As companies release a swarm of satellites, drones, sensors and mobile applications to index all natural resources on earth, it is important to also take a step back and ask how this wealth of data and potential power will be governed. If information is power, then those who control access to information and processing capacity hold more power than other stakeholders. How the insights from this big data will be mined and sold is an important question – especially if they are subjected to normal market dynamics and major asymmetries in technical and financial capacities between public and private sectors.

Our natural resources and environment are the source of our livelihoods and well-being, yet data on our natural resources is currently being freely collected and used by a handful of technology firms. The landscape of global information and power is fundamentally different as a result. It is likely that few nations realize how much potential leveraging this data and processing power will give companies over their economies. It is critical that all countries build their capacity to engage in this new digital economy to avoid the massive risks and asymmetries that could follow if they do not.

Some fundamental questions need to be asked as we begin to build up global public goods at a planetary-scale by private sector actors. This is unfamiliar territory for everyone. But if we are placing the act of monitoring the health of the planet and directing policy priorities in a combination of public and private hands, we need to think through new governance models. We need to understand what incentives, safeguards and standards are needed to ensure that environmental data and processing power are used to help humanity solve long-term global environmental challenges rather than see them diverted as a result of the short-term mentality and profit motive that is intrinsic to financial and capital markets.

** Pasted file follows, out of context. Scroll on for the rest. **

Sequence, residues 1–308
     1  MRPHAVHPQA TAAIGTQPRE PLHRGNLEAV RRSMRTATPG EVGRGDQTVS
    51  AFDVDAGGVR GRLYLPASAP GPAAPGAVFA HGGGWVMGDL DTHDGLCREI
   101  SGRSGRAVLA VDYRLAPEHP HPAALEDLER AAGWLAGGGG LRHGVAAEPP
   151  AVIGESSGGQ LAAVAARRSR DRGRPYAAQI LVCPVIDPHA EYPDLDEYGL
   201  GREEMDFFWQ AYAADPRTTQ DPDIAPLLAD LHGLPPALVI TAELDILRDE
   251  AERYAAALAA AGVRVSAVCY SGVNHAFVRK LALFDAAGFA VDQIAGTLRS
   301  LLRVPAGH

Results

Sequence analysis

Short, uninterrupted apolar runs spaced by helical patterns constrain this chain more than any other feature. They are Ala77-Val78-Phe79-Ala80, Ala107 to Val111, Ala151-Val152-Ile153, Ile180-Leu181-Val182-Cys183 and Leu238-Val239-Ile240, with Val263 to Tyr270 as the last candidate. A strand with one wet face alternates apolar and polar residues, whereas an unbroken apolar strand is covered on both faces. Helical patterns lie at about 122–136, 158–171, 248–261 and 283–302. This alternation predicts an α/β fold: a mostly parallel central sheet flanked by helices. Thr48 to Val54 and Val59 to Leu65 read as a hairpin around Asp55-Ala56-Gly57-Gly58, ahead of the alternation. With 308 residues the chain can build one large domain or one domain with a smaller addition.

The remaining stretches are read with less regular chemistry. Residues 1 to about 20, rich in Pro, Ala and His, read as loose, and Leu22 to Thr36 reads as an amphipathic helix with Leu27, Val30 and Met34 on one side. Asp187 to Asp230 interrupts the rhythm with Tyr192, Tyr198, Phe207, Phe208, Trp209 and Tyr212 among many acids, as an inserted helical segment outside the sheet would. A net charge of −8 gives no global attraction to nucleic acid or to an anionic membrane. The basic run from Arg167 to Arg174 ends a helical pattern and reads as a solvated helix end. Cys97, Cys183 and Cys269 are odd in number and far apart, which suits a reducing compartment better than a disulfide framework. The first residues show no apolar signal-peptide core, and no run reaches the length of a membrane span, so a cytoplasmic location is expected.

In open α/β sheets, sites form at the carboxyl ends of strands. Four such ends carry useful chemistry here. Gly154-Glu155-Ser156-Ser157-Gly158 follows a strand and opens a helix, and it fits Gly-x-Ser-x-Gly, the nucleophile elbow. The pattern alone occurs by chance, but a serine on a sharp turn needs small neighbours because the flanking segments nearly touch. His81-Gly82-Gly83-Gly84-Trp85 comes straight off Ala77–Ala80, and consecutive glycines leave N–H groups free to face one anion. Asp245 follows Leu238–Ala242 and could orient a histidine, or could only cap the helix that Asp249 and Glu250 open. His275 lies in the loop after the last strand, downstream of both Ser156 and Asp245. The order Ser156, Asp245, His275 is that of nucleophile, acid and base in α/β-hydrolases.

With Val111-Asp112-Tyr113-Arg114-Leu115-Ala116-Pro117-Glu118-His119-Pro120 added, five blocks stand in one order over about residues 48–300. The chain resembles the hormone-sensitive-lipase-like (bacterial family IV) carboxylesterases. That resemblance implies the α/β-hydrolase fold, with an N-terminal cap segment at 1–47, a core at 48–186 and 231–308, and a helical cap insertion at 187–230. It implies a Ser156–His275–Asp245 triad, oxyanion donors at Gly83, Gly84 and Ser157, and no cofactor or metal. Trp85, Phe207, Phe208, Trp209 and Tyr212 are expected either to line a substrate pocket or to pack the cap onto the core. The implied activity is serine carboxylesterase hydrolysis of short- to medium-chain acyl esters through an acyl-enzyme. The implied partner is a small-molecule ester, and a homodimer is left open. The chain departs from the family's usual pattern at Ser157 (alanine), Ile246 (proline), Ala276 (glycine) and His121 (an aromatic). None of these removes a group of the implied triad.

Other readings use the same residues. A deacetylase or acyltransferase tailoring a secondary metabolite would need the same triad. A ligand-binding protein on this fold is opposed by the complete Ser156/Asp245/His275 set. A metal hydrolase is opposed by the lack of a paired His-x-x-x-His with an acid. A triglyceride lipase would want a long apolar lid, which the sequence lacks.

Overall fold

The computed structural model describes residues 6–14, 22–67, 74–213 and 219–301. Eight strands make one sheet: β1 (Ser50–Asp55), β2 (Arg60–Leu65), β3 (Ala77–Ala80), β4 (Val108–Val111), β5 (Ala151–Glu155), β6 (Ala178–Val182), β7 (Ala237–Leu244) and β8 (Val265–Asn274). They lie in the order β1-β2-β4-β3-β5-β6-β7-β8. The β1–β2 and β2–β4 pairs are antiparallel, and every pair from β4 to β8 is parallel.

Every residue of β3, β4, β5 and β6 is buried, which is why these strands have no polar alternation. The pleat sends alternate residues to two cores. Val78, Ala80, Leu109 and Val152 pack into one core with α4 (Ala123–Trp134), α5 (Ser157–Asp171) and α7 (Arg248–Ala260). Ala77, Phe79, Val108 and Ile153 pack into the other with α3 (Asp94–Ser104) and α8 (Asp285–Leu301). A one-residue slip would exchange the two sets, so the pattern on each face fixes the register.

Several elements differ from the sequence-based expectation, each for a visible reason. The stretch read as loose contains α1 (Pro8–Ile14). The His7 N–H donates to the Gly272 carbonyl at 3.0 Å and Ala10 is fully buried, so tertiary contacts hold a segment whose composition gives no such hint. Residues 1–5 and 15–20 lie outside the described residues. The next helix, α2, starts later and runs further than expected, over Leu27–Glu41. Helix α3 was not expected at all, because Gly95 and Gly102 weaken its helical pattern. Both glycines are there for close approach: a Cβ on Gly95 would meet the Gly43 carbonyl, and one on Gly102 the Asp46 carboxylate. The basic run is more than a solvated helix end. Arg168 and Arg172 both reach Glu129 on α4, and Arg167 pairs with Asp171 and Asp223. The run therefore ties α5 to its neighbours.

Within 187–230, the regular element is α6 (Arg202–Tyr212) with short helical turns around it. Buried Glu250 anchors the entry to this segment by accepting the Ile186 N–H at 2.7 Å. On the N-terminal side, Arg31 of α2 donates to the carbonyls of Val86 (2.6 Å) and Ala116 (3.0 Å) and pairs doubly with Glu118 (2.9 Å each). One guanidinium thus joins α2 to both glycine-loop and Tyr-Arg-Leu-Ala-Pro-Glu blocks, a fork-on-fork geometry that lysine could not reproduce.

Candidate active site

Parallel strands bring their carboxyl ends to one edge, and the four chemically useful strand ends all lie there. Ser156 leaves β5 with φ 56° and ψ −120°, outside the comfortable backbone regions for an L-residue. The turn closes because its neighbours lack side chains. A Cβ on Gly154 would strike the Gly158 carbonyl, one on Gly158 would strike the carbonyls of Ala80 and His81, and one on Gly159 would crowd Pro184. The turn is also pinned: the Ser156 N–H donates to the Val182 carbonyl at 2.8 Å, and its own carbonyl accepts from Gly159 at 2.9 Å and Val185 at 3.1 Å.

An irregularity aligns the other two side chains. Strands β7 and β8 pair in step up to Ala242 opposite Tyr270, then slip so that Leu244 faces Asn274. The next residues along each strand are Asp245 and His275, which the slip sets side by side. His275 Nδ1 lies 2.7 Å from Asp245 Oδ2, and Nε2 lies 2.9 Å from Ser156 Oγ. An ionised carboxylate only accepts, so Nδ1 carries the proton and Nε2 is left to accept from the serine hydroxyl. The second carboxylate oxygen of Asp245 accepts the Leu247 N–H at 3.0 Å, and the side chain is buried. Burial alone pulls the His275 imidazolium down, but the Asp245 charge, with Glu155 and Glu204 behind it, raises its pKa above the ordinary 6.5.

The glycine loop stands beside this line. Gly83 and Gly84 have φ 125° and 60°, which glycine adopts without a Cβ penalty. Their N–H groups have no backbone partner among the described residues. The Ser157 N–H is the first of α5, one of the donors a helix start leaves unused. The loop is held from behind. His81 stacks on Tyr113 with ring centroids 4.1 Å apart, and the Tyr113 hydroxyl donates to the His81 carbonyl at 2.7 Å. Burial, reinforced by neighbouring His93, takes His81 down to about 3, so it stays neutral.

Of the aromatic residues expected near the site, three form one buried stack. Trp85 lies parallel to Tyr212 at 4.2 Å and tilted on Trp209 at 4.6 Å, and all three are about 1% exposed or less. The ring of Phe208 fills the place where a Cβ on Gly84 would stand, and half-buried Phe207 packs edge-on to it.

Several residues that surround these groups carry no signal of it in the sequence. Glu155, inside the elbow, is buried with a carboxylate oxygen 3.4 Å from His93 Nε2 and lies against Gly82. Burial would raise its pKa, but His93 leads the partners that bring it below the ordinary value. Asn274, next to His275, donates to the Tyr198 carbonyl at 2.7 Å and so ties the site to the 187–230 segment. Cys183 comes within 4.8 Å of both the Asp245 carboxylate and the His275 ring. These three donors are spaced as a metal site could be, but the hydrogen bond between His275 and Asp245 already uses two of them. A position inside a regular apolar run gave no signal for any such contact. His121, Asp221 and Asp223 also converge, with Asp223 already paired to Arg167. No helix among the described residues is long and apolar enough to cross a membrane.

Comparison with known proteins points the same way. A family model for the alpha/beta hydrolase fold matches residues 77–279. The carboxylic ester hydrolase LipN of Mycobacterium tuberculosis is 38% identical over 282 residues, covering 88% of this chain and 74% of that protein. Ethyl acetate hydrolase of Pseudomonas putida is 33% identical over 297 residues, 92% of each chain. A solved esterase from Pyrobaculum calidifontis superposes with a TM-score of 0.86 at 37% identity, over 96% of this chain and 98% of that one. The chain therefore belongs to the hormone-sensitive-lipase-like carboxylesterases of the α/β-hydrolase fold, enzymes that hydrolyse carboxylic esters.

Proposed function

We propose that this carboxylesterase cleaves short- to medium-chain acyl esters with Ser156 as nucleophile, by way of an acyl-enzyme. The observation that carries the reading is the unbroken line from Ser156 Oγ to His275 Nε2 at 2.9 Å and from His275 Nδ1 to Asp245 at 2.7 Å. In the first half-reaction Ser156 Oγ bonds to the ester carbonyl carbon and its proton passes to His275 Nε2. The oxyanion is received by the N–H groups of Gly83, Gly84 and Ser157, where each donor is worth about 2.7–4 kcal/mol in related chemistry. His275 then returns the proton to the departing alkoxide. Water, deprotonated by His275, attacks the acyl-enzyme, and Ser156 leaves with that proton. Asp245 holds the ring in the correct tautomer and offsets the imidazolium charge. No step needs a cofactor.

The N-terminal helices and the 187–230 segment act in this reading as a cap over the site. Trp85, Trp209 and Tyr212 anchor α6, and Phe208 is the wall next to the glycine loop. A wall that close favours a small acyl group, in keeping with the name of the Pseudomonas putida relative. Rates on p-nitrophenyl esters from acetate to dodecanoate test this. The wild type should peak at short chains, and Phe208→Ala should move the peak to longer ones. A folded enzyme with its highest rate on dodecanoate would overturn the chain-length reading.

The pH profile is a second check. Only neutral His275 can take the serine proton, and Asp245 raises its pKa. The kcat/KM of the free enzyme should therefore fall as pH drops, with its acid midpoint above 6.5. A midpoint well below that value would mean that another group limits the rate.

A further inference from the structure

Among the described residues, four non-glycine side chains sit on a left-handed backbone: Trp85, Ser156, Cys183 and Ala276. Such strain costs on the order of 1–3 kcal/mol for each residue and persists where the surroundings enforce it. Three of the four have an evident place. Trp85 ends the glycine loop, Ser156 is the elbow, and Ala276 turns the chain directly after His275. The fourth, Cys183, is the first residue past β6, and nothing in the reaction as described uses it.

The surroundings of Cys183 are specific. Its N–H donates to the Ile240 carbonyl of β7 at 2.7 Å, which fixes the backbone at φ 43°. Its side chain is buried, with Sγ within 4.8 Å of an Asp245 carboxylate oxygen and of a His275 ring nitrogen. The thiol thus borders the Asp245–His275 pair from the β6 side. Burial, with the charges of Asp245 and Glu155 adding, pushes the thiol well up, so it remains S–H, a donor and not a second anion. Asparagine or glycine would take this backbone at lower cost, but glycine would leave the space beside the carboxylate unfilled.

As we take forward a vision for building a global digital ecosystem of environmental data, algorithms and insights, three key risks need to be mitigated. First, we need to empower governments and people to be able to understand and use data and to hold the holders of data accountable, as opposed to having data held mostly by a few companies in a few countries. How will the massive global data catalogues amassed by some firms be governed in a way that maintains a global public good as opposed to a private good? How do we advocate for issues related to data privacy, data sharing and provide a watchdog function? Second, we need mechanisms to ensure the quality of data and algorithms to ensure public trust. This includes a commitment to transparent methods as well as publishing open algorithms when possible. This is critical to prevent poor quality analysis as well as the malicious generation and spread of fake environmental data that could be used to manipulate policies, markets and public option. Finally, frameworks to protect individual privacy, data security and intellectual property are fundamental.

One of the largest governance challenges to address is that national and international regulatory processes move on different timelines compared to technological innovation. As a result, new forms of agile governance are needed. Countries should agree on a basic set of international norms and values that can guide the development of the technology sector and that can help to ensure it contributes positively to global public goods. Companies should establish clear ethics policies and internal monitoring mechanisms that can help identify conflicts of interest and resolve ethical dilemmas.

A new social contract is also needed between the private and public sectors – where the cost of doing business and the social license to operate is predicated on a basic level of sharing derived data products where they can contribute to a global public good. Other financial and tax incentives are also needed for stimulating private sector actors to share key data at the lowest cost when it is needed as part of a global public good. Disclosure requirements should be carefully considered regarding business models that finance global public goods.

How do we get there?